By Sierra Earnhart
Greenwood High School
Headstrong, caring and diverse, India Rice is far from ordinary. She’s homecoming queen, a strong student with a 3.3 GPA, and a teen reporter for Vox ATL.
But behind Rice’s striking, deep-brown eyes, lies a heartbreaking past.
Her uncle, Devin Smith, was murdered on Christmas Eve when she was 13 years old.
She woke up to her grandmother screaming. She found her brother in the bathroom where he had locked himself for hours. She watched her dad cry for the first time. Rice was emotionally paralyzed in the moment.
“That was probably one of the most traumatizing moments in my life,” Rice said.
On top of that, Rice’s father also had congestive heart failure at the time. A defibrillator that was installed had ultimately failed. Shortly after, Rice’s father got an LVAD. An LVAD is an electromagnetic device that completely replaces the function of his heart.
“A machine is completely running his heart,” Rice said. “At first, it was really hard for me to accept because it was life changing, but it reminded me that life is really short. It made me more cautious over exactly what was going on.”
Both Rice and her father are well and living happy and fulfilling lives. Rice’s father credits the doctors for his well-being, but Rice credits her granddad for hers.
“During my uncle’s funeral, he showed me the positives in every situation and he reminded me to focus on them. He made the situation better,” Rice said. “One of the hardest things I’ve ever had to do was forgive my uncle’s murder. My granddad told me that life is much more fulfilling if you live it with joy and not hate.”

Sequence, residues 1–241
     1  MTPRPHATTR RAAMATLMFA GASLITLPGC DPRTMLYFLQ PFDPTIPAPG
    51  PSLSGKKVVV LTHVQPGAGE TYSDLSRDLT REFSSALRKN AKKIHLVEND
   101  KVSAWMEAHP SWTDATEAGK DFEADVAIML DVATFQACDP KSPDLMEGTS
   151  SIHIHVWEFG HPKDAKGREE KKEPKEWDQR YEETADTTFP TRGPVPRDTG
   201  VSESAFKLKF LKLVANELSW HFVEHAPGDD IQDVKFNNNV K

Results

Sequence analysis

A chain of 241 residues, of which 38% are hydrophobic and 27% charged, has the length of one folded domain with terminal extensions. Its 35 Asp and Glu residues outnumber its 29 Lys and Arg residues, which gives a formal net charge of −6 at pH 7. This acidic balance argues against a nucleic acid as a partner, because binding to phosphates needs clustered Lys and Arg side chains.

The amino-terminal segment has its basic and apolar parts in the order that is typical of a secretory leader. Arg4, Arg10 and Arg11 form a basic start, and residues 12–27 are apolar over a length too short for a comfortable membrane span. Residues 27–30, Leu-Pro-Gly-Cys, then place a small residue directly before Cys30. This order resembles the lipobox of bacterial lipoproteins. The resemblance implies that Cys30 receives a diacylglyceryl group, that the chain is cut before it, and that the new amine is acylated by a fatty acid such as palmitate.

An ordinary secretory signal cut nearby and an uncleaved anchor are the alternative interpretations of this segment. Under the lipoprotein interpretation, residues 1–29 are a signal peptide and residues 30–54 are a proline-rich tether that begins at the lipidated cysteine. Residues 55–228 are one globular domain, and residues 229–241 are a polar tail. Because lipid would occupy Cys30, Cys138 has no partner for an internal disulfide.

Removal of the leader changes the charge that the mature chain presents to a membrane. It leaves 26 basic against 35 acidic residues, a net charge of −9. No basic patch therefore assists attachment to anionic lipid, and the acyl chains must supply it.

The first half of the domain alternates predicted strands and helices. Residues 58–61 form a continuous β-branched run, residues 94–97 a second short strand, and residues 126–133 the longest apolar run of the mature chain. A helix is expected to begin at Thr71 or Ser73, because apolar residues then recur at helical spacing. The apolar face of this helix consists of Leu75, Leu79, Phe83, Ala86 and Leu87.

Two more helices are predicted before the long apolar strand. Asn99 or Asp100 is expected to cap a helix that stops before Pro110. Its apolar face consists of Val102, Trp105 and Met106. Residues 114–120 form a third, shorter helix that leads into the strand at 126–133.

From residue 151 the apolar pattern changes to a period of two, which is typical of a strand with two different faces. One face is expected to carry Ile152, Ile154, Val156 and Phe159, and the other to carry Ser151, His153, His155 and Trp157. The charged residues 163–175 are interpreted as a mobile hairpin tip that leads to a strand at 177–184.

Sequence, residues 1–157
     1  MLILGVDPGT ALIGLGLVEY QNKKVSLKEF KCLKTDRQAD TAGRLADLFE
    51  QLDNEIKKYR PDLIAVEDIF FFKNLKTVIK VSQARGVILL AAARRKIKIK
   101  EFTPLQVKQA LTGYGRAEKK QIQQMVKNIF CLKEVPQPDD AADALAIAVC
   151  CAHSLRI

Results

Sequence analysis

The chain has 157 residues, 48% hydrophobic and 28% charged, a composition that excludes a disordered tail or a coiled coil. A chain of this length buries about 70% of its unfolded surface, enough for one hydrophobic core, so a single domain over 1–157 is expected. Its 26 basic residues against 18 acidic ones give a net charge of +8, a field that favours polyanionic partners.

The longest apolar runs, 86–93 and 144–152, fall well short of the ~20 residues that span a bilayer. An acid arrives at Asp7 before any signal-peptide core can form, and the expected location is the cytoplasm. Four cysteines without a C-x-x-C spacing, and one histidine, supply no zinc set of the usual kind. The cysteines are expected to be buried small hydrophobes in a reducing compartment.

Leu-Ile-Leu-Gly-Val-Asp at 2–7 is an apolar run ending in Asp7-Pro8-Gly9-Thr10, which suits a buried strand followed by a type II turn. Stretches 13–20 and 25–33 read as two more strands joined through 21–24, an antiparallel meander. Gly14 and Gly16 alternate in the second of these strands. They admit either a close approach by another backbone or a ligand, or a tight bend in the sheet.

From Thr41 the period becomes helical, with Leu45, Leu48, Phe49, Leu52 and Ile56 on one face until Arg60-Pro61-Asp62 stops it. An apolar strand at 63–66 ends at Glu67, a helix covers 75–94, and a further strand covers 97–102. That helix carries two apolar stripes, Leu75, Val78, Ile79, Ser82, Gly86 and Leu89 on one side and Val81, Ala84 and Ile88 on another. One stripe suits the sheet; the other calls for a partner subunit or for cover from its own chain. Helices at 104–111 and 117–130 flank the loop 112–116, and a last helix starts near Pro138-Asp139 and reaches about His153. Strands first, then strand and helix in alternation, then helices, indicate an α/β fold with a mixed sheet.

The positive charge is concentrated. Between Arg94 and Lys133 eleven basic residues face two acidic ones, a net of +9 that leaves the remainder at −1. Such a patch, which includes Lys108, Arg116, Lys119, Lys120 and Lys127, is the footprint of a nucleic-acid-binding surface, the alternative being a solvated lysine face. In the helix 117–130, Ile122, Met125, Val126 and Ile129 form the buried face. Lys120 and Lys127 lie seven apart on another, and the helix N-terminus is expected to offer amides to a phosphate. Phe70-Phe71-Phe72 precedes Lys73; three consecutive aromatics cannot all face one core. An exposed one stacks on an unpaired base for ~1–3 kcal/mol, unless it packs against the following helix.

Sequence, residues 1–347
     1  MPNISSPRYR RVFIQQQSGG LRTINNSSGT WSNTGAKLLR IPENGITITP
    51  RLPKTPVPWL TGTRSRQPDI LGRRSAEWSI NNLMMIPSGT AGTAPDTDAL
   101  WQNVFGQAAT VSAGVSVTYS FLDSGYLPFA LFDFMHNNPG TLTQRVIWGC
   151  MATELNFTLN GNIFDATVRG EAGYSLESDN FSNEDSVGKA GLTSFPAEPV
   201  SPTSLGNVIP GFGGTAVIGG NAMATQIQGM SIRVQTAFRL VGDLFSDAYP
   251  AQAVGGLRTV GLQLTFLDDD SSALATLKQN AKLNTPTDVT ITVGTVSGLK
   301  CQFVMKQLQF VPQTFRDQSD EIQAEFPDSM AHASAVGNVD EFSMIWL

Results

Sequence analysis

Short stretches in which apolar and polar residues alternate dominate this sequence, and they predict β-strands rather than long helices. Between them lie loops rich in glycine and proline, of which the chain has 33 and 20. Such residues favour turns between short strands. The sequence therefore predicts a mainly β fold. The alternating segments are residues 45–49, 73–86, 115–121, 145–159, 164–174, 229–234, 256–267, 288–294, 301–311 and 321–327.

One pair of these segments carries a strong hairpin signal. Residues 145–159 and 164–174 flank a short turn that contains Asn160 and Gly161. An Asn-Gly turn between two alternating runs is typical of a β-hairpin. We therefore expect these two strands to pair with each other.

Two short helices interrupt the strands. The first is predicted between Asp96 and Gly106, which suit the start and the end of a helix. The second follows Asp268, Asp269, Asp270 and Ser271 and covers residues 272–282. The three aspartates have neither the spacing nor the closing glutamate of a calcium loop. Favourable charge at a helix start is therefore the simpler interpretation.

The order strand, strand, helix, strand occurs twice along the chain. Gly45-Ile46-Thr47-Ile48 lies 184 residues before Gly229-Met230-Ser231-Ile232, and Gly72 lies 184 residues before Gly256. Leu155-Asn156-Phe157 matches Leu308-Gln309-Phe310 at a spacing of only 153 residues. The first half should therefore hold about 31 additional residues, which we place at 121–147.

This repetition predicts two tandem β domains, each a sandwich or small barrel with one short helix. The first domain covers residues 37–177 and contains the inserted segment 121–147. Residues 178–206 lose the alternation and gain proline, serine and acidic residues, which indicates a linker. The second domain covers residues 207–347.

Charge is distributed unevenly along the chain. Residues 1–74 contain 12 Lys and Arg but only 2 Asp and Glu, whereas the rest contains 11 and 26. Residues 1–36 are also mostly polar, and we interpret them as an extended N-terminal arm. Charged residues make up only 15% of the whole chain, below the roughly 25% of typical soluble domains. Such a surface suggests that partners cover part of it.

Being exposed to so many cultures as a child has inspired Rice to reach out to people from all walks of life.
“I’m a military brat,” Rice said with a laugh.
Born in Columbus, Georgia, to a father in the military, Rice has traveled everywhere from South Korea to Hawaii. In 2014, her dad medically retired and settled in Atlanta.
“There are amazing people to see. You never know what someone is like beneath the surface,” said Rice.
However, in Rice’s search for other’s individuality, she felt she started to lose herself.
“Have you ever felt misunderstood?” Rice said.
At 14, as Rice was trying to find her place in the world, she turned to journalism and felt at home.
“Journalism helped me figure myself out. It gave me something much greater worth fighting for,” said Rice, now 16 and a rising junior at Atlanta’s Westlake High School.
And what is it that Rice wants to fight for? Individuals who were in the exact same spot she was. Rice hopes to unite people through writing by creating a platform where everyone can feel accepted.
It’s not just writing where Rice hopes to reach out to her community, it’s at her school, too.
“I like to talk to the kids that no one wants to sit with at lunch,” Rice said.
Rice wants her peers to understand that she’s not going to judge them. She wishes the most for everybody and strives to see others breakout of their shells. Rice just wants people to be themselves.
“I think it’s important for you to live your life how you want to live and not live it based off other people and their expectations,” Rice said.